of Operations (running all covert operations) in time to,
as FTW believes, "preside" over Ed Wilson's Libyan
affairs and the events that would ultimately result in the
downfall of the Shah of Iran. Everywhere you looked in Wilson's
life - post 1971 - you found either Shackley or his career-long
deputy and sidekick, Tom Clines.
Shackley testified twice before Federal grand juries in the
Wilson case. In one of those sessions, included in Wilson's
recent court filings, he denied anything other than social
contacts and a few meetings to evaluate information that never
amounted to much. CIA Inspector General records (some still
classified) belied Shackley's testimony. In light of voluminous
CIA material, investigative reports, witness statements, BATF
interviews with Shackley associates and a long litany of other
records, Ted Shackley's testimony made a lot of people at
CIA and DoJ very nervous. [FTW found it very interesting to
note that, in his first testimony, Ted Shackley denied having
ever met Ronald Reagan's CIA Director, William Casey. That
may have to be the subject of another FTW article.]
Notes made by Justice Department lawyers in meetings held
in late 1983, after Wilson's conviction, indicate their belief
that Ted Shackley lied to the grand juries. Unattributed quotes
found in meeting notes include the statements "Stupid
-TS lied to GJ."
The Houston prosecution, for which Greenberg had served as
the primary classified record handler, and AUSAs Jim Powers
and Karen Morrissette, had no difficulty establishing that
Wilson, in 1976, had secured plans for miniature timing devices
from CIA contractors and, subsequently, had thousands manufactured
and shipped to Libya. The Houston prosecution had no difficulty
- using Barcella's, Bruce's and Greenberg's investigations
- to establish that Wilson had conspired to obtain and ship
the C-4 in 1977. Greenberg, Barcella, Bruce, Karen Morrissette
and local Houston AUSAs also had absolutely no difficulty
establishing that Wilson then chartered a DC-8 to ship the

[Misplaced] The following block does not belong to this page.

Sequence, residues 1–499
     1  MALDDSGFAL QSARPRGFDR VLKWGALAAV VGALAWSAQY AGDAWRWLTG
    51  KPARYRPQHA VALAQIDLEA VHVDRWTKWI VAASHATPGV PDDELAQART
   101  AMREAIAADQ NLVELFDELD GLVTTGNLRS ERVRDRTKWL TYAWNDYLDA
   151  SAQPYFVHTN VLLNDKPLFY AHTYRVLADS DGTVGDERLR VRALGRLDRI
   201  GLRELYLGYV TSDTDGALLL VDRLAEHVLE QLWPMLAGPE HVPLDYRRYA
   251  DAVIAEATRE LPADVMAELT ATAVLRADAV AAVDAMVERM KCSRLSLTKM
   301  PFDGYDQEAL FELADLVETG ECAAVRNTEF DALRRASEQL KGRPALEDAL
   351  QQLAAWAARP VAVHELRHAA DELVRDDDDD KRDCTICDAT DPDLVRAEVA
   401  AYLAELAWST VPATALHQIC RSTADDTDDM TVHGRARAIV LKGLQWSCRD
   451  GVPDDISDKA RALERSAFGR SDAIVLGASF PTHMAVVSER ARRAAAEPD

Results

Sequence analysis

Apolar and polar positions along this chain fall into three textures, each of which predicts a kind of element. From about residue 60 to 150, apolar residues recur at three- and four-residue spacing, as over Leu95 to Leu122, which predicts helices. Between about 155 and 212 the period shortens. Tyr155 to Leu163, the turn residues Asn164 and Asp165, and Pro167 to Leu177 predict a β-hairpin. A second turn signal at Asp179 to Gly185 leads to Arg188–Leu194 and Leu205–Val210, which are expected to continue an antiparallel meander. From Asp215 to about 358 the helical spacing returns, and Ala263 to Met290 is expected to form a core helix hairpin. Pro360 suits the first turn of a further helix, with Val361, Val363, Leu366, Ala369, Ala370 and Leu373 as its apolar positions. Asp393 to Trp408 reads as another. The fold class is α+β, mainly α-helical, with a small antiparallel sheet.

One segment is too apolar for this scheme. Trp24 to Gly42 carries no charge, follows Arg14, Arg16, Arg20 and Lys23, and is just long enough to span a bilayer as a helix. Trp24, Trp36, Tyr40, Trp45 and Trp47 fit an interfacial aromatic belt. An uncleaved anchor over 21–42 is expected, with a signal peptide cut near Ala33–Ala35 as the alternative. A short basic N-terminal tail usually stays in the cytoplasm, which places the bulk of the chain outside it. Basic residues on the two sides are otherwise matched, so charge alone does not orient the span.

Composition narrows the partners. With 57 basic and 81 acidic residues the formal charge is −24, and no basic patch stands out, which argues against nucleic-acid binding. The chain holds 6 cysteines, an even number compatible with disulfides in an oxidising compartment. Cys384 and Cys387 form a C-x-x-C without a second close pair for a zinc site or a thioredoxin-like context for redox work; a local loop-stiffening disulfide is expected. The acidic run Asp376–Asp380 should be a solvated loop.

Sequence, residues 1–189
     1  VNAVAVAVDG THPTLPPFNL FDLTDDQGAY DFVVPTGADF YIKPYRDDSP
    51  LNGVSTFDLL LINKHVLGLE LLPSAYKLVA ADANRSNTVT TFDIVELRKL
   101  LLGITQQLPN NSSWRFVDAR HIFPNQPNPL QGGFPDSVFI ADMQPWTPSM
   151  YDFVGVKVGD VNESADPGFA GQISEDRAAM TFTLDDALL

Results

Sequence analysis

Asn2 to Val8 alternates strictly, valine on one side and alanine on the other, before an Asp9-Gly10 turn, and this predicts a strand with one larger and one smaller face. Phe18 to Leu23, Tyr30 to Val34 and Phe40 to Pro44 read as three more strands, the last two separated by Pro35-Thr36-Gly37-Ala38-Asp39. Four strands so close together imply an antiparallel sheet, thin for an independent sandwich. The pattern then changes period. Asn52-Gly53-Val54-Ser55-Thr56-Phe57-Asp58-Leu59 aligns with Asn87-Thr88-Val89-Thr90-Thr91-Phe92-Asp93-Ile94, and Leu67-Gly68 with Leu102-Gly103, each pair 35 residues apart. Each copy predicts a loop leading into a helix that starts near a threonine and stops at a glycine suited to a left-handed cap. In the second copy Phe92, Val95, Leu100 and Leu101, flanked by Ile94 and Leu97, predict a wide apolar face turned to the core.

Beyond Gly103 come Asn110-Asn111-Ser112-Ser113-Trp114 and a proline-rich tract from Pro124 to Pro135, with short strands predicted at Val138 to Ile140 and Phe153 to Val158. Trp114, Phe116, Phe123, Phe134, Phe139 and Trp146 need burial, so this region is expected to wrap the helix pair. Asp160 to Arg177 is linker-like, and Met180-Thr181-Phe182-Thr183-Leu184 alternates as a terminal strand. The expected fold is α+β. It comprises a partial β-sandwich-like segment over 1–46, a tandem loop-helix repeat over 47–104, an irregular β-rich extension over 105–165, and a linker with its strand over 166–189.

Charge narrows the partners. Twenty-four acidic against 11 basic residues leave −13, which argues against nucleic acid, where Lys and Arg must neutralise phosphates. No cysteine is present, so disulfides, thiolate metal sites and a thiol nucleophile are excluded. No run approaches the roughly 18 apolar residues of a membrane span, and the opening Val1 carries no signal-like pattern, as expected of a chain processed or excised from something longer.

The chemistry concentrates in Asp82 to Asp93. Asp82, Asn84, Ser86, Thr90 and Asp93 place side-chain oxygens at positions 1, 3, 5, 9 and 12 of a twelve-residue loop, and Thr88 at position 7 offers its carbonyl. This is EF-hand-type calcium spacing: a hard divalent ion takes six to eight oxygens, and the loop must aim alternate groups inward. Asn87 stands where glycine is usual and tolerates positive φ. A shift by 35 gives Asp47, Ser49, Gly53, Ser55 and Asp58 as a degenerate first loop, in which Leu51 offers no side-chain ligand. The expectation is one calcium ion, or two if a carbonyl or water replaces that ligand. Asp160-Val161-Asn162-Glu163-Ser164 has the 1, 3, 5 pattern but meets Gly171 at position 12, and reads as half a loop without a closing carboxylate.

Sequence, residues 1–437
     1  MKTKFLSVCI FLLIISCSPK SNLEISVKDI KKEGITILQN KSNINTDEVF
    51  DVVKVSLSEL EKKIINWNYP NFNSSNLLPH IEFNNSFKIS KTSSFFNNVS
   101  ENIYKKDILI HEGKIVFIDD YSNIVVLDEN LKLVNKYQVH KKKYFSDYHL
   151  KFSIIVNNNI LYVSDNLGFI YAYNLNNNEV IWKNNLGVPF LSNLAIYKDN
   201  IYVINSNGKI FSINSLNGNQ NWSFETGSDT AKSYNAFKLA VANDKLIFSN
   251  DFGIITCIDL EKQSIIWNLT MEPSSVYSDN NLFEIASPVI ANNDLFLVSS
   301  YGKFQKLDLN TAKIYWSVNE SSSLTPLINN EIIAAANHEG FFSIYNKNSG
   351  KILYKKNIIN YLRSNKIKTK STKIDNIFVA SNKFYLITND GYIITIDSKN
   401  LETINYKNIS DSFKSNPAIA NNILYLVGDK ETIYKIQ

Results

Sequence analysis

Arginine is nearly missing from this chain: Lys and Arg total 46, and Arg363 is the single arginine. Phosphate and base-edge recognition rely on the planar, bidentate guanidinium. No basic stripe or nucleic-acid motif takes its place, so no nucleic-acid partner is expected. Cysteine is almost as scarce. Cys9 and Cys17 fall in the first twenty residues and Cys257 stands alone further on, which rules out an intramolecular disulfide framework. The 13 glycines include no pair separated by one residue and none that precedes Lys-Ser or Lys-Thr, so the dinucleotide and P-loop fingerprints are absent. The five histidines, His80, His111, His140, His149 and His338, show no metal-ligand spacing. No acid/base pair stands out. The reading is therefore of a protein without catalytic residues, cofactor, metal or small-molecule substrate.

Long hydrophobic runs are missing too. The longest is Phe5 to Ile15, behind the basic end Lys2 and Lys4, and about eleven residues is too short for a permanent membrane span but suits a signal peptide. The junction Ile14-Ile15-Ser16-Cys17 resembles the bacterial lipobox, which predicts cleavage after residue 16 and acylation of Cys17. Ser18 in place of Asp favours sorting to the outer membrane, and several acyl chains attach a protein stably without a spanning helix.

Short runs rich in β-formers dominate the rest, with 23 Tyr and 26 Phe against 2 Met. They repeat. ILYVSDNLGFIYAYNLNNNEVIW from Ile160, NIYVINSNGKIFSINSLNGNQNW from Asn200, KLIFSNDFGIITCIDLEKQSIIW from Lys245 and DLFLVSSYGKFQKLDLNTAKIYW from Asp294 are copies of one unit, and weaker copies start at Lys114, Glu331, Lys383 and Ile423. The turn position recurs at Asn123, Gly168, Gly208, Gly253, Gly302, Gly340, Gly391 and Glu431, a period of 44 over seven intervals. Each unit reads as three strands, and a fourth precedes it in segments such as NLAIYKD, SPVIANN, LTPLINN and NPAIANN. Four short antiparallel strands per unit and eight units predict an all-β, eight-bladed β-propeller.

C-4 to Libya using falsified records. A hapless lawyer friend
of Wilson's California explosives honcho, believing he had
clearance from the CIA and other government agencies, even
went along on the delivery. He had also been arrested and
charged in the case. All of this took place under the guidance
of Deputy Assistant Attorney General Mark Richard, and the
supervision of Assistant Attorneys General Steven Trott and
D. Lowell Jensen,
Evidence of Wilson's venality was not hard to find and put
before the jury. While living in Libya for extended periods
between 1977 and 1981, Wilson hired former Green Berets, some
of whom were, according to FTW sources, alleged to be active-duty
troops posing as rogues and retirees out for money. Using
them, he set up an intensive instructional training program
for Qadaffy that was intended to make the Libyan Colonel a
credible terrorist threat - and credible foe - to any opponent,
anywhere in the world. That effort was an unqualified success.
People and things started blowing up and dying all over the
All the while, Wilson traveled the globe first-class, an ostentatiously
wealthy man owning more than 6,000 acres of prime properties
in Virginia, Great Britain and Malta. Much of that, the prosecution
argued, had been paid for with millions from a Libyan dictator
who had subsequently dispatched in 1982, if you believed the
press, assassination teams to blow up Ronald Reagan in the
Making Ed Wilson out to be a very nasty and unlikable individual
was the easy part of the prosecution's case.
The second part of the prosecution's case was that one-time
career CIA Agent Edwin P. Wilson had had absolutely no official
relationship with the Agency since 1971. Wilson was, they
argued, a good guy gone hopelessly bad who had abused his
contacts, experience and the trust placed in him to commit
horrible crimes behind the backs of his former colleagues.
And that was where both the Department of Justice - and the
CIA - were in deep, deep trouble on February 2, 1983.
Wilson, a one time career CIA agent, who had also worked for
the Office of Naval Intelligence (ONI), was fighting for his
life. An "open source" paper trail from CIA showed
that he had not worked at Langley since 1971. Shortly thereafter
he began working for a secret Navy operation known as Task
Force 157. But, according to other records from both CIA and
the Navy, he stopped working for the ONI in 1976 and none
of his Navy work was connected to Libya. After that, or so
it seemed, even though he continuously socialized with some
of the most powerful people in the U.S. intelligence community
and the military, he did no official work for anyone.
It was in late 1975 and 1976, when George Bush ran the CIA,
that Wilson, as an alleged rogue, opened ties to Qadaffy and
began selling weapons, explosives and other services and equipment
to the terrorist regime.
This would not be the last time that a so-called enemy of
the United States in the Arab world would be supplied with
weapons and bomb making materials on a watch under the command
of George H. W. Bush. While Ed Wilson was training and
equipping Qadaffy, he was also lunching with Bush protg
Shackley. He was providing personal airplanes for Air Force